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Play "Sixteen Going On Seventeen," from The Sound of Music

Yesterday’s sessions transitioned rather seamlessly into post-session drinking networking, which went on until 4:30 in the morning, so I never got a chance to write them up. Rather than attempt to cover the whole day through my current semi-nauseous haze, I want to focus in on a presentation from Brian Keene of Smart Power.

It was about marketing clean energy, and it began with a stark statistic: In surveys, 84 percent of U.S. consumers say they would be willing to purchase renewable energy. How many actually do? Three percent.

Why the vast gulf? That’s what Smart Power spends its time investigating and attempting to overcome. The core of the problem is that clean energy has been marketed to U.S. consumers in a soft-focus, children-running-through-green-fields sort of way, focused on its environmental benefit. Environmental benefit will get you good answers on a survey, but it’s not a purchasing motivator. People get that it’s environmental advantageous; their worries lie elsewhere.

A few things I found fascinating. First, despite a fairly common assumption among enviros, people do not hate fossil fuels. They view fossil fuels as a valued old friend, feel some sadness that their time is ending, and have considerable worry about whether any of the purported replacements will be as capable.

Second, the majority of people, when they hear clean power, think of distributed power — i.e., solar panels on your rooftop and wind turbines in your back yard. They’re just not particularly aware of grid-connected clean energy power plants.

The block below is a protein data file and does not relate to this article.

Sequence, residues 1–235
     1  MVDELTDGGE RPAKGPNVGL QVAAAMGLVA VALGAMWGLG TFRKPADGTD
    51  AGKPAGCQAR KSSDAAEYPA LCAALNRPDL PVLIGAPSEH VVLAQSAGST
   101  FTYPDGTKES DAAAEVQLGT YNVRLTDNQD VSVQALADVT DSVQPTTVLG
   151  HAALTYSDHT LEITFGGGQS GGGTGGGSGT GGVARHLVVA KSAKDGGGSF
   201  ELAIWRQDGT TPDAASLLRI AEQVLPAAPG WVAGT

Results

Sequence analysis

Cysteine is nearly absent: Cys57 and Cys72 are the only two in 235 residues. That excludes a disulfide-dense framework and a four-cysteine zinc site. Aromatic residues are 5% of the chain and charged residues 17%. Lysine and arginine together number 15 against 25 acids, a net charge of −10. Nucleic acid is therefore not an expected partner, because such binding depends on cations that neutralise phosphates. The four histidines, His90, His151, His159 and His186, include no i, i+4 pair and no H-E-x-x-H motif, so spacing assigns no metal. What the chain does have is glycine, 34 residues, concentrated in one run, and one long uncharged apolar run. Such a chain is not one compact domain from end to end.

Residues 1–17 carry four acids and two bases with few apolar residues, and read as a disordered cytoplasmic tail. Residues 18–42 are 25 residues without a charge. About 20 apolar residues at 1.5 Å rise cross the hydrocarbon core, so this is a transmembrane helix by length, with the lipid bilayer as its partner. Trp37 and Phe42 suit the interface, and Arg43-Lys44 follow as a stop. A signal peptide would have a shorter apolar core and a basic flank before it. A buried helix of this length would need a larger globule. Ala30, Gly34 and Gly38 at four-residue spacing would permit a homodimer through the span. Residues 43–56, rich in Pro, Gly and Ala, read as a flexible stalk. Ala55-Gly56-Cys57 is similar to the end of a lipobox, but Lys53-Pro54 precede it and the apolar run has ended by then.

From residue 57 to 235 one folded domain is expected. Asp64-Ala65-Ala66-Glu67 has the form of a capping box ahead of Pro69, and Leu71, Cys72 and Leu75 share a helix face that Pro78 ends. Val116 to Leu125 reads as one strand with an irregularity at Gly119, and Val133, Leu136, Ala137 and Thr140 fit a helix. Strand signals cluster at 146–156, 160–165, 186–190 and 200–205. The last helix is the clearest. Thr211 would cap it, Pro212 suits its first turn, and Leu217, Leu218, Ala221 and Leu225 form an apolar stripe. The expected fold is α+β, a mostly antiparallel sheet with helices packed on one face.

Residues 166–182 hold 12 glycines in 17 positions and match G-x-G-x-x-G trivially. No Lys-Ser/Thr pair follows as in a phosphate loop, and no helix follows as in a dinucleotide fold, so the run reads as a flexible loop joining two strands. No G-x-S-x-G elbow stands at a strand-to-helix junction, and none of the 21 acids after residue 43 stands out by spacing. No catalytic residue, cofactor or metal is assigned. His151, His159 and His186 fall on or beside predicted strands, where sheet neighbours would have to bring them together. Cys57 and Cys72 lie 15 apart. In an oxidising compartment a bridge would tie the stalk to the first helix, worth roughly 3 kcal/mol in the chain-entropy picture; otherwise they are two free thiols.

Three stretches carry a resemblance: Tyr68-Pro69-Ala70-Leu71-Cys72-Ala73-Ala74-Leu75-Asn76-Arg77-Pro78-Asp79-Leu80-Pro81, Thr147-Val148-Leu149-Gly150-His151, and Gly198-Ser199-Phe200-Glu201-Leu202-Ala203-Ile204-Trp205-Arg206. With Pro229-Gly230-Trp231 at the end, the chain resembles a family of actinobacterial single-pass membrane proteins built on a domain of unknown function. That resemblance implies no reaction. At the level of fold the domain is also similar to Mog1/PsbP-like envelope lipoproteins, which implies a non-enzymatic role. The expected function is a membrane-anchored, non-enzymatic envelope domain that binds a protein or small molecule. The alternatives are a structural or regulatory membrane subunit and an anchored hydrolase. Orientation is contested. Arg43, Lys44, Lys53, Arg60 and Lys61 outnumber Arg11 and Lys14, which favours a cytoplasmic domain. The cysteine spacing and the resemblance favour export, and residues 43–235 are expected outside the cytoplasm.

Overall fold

Third, just about everyone, even those enthusiastic about it, think clean power is "out there" in the future, a someday sort of thing.

It’s important to keep these things in mind when approaching the public about clean energy.

There are four main barriers to wider embrace of clean power:

  • Reliability: People don’t think clean energy is as strong or reliable as fossil fuels — they’re not convinced it can do the job.
  • Availability: They don’t know where or how to go about purchasing it.
  • Cost: Not only do they think clean power costs more, but they think they have to buy into a whole lifestyle — hemp, tofu, sacrifice, etc. That’s a big jump to take.
  • Inertia: People do what they’ve always done.

The key is to convince people that clean energy is normal — or in Smart Power’s words: "It’s real. It’s here. It’s working." Keene recommended focusing on teenagers, who are big influencers in their households and who once persuaded can be advocates for life. This can be done through Facebook and Interwebs and blah blah you kids get off my lawn!

Anyway, this is stuff every enviro should know. Shut up about the environment. Start talking about strong, stable, reliable power that families can depend on. A grateful nation will thank you.